Lambeau Leap of Faith

July 25, 2010 8:34 PM

Packer Schedule Preview: NFC East

Training camps are opening around the league, including that of one of the Green Bay Packers' foes and chief contenders in the NFC, the Dallas Cowboys. Thus, this seems as good a time as any to evaluate the conference and give a sense of the level of competition.

On this site, I examine the NFC East. Each team in the division is on the Packers schedule this season, making it an appropriate one to take a look at on a Packers site. I also examine the NFC West (Green Bay hosts San Francisco in December) on Net Dugout, the NFC South on Bleacher Report, and the NFC North on Packer Chatters.

In each article, I will list the teams in the order I believe they will finish in their division, describe why, and then predict their playoff seed if applicable.2184041074_7144477e70.jpg

  1. Dallas Cowboys: Dallas is the only stable team in the NFC East, returning almost every single starter on both sides of the ball. Their offense and defense were in the top quarter of the league last season, and they shook the December/playoff failure monkey off their back in 2009. However, one of the toughest schedules in the league (road games against Green Bay, Minnesota, and Indianapolis plus hosting New Orleans, Houston, and Tennessee as well as a division competitive top to bottom) will lead to them having the worst record of any division winner in the conference.
  2. New York Giants: A team that fell off the map last season after a 6-0 start, their defense will perform closer to what it looks like on paper once they get Brandon Jacobs and their running game going again. This will be made easier by the development of a talented young group of receivers and the lack of any other great teams in the division. However, thanks to them having likely only three division wins, they will not be good enough to earn a wild card in a conference that has 11 legitimate playoff contenders.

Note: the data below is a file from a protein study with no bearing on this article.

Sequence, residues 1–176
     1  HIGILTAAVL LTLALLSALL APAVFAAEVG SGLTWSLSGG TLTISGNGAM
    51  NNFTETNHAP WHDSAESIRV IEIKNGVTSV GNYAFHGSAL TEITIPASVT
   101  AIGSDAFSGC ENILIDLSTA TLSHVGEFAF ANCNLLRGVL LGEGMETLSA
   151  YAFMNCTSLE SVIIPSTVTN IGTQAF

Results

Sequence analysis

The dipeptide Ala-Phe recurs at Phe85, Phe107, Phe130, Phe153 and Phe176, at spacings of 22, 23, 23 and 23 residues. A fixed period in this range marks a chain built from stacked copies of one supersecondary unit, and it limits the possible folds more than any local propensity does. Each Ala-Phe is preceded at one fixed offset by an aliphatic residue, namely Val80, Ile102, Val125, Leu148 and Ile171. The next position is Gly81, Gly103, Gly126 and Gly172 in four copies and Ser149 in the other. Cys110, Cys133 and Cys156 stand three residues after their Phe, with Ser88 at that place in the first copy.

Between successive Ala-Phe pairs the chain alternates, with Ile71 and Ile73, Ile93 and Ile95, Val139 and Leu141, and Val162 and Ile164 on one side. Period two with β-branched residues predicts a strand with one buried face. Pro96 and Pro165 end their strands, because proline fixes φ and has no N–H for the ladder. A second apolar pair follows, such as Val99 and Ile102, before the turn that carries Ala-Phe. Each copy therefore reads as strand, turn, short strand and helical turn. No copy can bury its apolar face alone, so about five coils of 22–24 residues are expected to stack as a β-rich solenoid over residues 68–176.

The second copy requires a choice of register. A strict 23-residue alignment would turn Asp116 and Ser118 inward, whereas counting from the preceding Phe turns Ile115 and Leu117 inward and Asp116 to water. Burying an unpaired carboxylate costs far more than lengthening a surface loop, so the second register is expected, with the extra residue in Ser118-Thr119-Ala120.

3. Philadelphia Eagles: Count me among those who think Kevin Kolb is not the answer now and maybe not ever: He has shown far less than Aaron Rodgers had with far more opportunity, and Philly fans and management will be sorry they let an elite quarterback go. The Eagles lack the running game to protect an inconsistent quarterback and no longer have the defense to cover for the resulting inconsistent offense. They still have the capability to beat any team, but can lose to almost anyone as well; that spells a mediocre record.
  4. Washington Offensively Named Ones: Owner Daniel Snyder made upgrades to his office furniture, receiving corps, quarterback, and most importantly, coaching staff in the offseason, but as with his previous upgrades, it will not be enough. If Albert Haynesworth is as dedicated as his trainer claims, this team has a legitimate chance at a playoff spot, but it is more likely they will fall somewhere between ten wins and ten losses (exclusive) and neither make the playoffs nor get a top ten pick in next year's draft.

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